Depression After a Double Mastectomy

A few months before our first session, Ebby had undergone a double mastectomy operation due to breast cancer. She felt depressed and had recurrent nightmares accompanied with prolonged bouts of crying. She was taking hormone injections which made her drowsy at night and acted like sleeping pills.

She was a member of the local mastectomy support group and had a therapy session twice a week with a psychologist who listened to her and had suggested her to read two self-help books. She also avoided going out with her friends. She would pour her heart out to her loving husband every night. He was very empathetic and would attentively listened to her. She also talked about her feelings to her friends, sisters and a close aunt. At times she tried to distract herself from sad thoughts by listening to music.

As most depressed people, she had built a relationship with others based on dependence. When she talked to close friends and family on a daily basis about her depression, she felt better for a while but soon she felt sad and frustrated once again. I pointed out to her that talking on a daily basis to others about her depression wouldn’t help her in the long run. She agreed, because she too realized this was true. I said that since she was seeing a psychologist twice a week, it would be interesting to avoid talking to anyone except her therapist about her problems for the next two weeks. I suggested this to her to try as an experiment. I also gave her the task of writing down her feelings and her thoughts on paper, every day for few minutes.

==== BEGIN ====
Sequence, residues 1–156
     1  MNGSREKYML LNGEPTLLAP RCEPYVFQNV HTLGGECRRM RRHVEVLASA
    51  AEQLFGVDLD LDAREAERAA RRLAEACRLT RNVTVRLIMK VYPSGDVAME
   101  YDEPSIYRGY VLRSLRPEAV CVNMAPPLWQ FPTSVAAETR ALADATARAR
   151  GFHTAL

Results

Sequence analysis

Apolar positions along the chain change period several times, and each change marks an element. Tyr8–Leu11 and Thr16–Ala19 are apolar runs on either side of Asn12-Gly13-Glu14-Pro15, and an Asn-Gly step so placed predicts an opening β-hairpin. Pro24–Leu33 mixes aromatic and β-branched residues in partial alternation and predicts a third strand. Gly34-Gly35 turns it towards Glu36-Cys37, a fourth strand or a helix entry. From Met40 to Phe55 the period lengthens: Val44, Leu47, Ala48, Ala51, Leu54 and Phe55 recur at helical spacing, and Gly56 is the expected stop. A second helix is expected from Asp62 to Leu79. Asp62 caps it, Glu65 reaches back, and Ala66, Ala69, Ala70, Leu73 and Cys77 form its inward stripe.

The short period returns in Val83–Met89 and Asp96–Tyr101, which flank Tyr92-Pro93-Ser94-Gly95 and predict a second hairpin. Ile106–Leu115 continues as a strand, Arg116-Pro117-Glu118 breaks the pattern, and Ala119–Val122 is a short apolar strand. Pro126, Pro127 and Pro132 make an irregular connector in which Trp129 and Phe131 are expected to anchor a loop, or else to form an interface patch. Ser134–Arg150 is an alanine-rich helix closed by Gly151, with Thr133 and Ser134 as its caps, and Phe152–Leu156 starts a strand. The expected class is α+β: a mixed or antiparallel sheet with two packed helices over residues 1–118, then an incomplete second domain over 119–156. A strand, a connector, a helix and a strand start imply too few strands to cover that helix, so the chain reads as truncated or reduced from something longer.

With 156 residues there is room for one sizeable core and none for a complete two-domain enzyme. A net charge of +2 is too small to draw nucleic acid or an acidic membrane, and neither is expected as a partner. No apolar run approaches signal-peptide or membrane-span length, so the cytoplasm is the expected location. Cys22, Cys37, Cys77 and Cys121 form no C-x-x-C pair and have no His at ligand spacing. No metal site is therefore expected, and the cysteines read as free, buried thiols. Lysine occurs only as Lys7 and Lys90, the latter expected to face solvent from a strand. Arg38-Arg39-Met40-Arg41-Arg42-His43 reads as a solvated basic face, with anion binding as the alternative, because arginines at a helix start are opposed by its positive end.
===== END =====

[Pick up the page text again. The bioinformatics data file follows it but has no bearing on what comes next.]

Two weeks later, Ebby said that she felt slightly better. She had realized that she was acting like a victim. She had noticed that some of the people who listened to her actually pitied her. I reminded her that all those people had good intentions but were not aware of some of the negative effects of their support. The daily writing exercise had allowed her to ‘vomit’ lots of nasty feelings and sad thoughts to the point that she had entertained a few positive thoughts.

She said that some images were stuck inside her head and tormented her, causing her sadness. I had her practice a technique to dim the lights on those images and turn them into black and white.

I explained, “Those images are a part of your past. You cannot change your past but you can keep them in your internal galley of life photos as small and black and white images.”

I then had her enlarge happy images from her life memories and turn them into color photos. She could look at these color images and even if she wanted she could turned them into a movie. We practiced this technique in the session and gave her the assignment of practicing it for a couple of weeks.

Next session Debby walked in with a happy expression. She said that she had left the previous session feeling good. The technique had helped her to look at those small images in black and white and not feel sad.

“I believe in magic!”, Ebby said with a smile. “I have some bright colored photos of me, my husband and my child that I carry with me in my mind. They make me happy.”

I next saw Ebby two months later. I was happy to hear that she was happy and free from depression.